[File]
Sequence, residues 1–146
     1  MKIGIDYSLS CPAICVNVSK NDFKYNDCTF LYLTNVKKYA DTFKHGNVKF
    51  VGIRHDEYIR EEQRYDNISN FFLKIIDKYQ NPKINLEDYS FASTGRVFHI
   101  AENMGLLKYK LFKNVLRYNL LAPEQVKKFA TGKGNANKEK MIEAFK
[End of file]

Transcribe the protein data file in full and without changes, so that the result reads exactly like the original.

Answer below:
Sequence, residues 1–146
     1  MKIGIDYSLS CPAICVNVSK NDFKYNDCTF LYLTNVKKYA DTFKHGNVKF
    51  VGIRHDEYIR EEQRYDNISN FFLKIIDKYQ NPKINLEDYS FASTGRVFHI
   101  AENMGLLKYK LFKNVLRYNL LAPEQVKKFA TGKGNANKEK MIEAFK